My Dad has been gone for over two years now, and all I have are memories. Like all dads, he did some things right and made some mistakes. In fact, he made a lot of mistakes, but my dad did one absolutely wonderful thing completely the right way. He took his girls on Daddy/Daughter dates, which he referred to as “Day out with Dad.”
Day out with Dad
Dad never complained about having all girls. He loved to be outdoors, and invited us to do anything he would have done with boys– hiking, camping, and backpacking. As we got older, complications with his business took him away from us most of the week, and he was only home from Friday night to Monday morning. Sometime around that time, he instituted “Day out with Dad.”
One Saturday a month, Dad would clear his schedule for an entire day and the daughter whose turn it was would plan a day for the two of them. We got to do whatever we wanted, and our days out with Dad were as varied as our personalities. I might choose a tour of our local city followed by a nice, sit-down dinner in a restaurant; one of my sisters would choose bowling and burgers. We all remember horseback riding on the beach! The point was, it was OUR day, not his day. He drove and paid for everything, and thoroughly enjoyed the time with us. He delighted in being with just the one daughter for a whole day.
Driving and chatting
Each Day out with Dad started the same way. I remember climbing into his pickup truck and fastening my seatbelt. Dad would start the motor, then casually remark, “You might want to check the glove box and see if there’s anything in there.” I would open the glove box and peer inside, where a variety of candy bars awaited me. I always chose the one with the most chocolate and handed him one, too. (The apple doesn’t fall far from the tree, but our love of chocolate is another story for another day.)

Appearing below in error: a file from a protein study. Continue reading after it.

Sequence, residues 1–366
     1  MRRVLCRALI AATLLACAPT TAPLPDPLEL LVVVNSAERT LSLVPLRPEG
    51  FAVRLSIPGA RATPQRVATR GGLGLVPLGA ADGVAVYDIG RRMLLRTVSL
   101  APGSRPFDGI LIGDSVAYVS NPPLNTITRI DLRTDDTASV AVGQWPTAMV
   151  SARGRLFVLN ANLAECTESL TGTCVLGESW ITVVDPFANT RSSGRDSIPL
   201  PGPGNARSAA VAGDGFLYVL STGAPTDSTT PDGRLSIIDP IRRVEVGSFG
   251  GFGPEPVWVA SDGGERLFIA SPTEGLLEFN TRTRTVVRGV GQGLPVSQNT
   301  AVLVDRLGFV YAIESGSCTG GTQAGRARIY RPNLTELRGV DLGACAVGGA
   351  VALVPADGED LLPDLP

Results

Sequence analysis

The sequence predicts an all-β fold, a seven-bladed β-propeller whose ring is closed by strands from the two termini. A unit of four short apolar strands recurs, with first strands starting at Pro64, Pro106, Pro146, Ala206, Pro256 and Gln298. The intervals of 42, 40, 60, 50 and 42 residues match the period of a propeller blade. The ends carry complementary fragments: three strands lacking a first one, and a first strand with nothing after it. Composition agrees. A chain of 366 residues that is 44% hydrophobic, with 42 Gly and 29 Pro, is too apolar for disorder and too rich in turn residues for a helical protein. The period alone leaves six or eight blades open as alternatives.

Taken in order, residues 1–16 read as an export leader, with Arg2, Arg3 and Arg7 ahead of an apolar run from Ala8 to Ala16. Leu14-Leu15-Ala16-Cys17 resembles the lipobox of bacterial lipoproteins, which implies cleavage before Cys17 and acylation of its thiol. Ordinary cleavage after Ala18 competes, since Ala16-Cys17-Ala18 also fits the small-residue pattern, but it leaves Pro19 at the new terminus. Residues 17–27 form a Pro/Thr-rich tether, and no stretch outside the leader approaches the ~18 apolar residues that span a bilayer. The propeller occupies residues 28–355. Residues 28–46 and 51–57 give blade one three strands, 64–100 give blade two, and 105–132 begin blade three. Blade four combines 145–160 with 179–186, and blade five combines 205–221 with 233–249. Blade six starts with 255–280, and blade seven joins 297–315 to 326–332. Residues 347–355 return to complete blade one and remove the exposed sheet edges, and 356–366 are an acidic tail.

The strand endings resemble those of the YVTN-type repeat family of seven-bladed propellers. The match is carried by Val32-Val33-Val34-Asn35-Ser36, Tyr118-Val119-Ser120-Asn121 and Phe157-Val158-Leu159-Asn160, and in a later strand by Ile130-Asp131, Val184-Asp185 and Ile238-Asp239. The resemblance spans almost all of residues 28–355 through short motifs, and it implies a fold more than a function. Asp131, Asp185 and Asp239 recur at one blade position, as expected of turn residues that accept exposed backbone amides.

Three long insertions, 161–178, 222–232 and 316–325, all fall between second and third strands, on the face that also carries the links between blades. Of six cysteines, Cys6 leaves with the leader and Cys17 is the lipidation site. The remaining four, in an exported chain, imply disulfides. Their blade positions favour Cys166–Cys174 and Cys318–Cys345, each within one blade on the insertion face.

I usually chose something to do that required a bit of a drive, which gave me plenty of time to talk with Dad. He would ask questions or just listen to me ramble on. I had his focused attention the entire time. He took care of any business calls after we got home, and the entire day was all about me and him.
Making Day out with Dad happen no matter what
I graduated high school and went on to college– first an hour away; later across the country. Dad never used this as an excuse to avoid spending time with me; in fact, he took it more seriously than ever. When I was home on a break, he would schedule our day out as if it was of utmost importance.
By the way, our family struggled financially most of the time, but Day out with Dad was a priority. He found ways to make it happen.
The last one I remember
I had been married for years, and had moved out of state. Dad had remarried. I was visiting home, and he wanted to take me out again. There wasn’t time for an entire day, so we just went to breakfast at a popular local restaurant. I enjoyed just sitting there with him, drinking coffee and talking. I could tell he enjoyed being in my presence, even if just for a short time.
Sometime later, he wrote me a letter (my sisters each got one, too). In that letter, he listed the things he admired about me and told me what a good job I was doing as a wife and mother, and what a fantastic woman I was. The next year, he had a massive stroke from which he never recovered.
To all present and future dads
As a daughter, if I could implore you to do one thing, it would be to prioritize spending time with your children, one-on-one, away from the rest of the family. I am so proud of my husband for continuing this tradition with our girls, and I know it has contributed to the relationship he has with each one.
My dad could have just told me he loved me, or assumed I knew. But he took the time to show interest in me and get to know me better. I know he loved me, largely because of those Days out with Dad.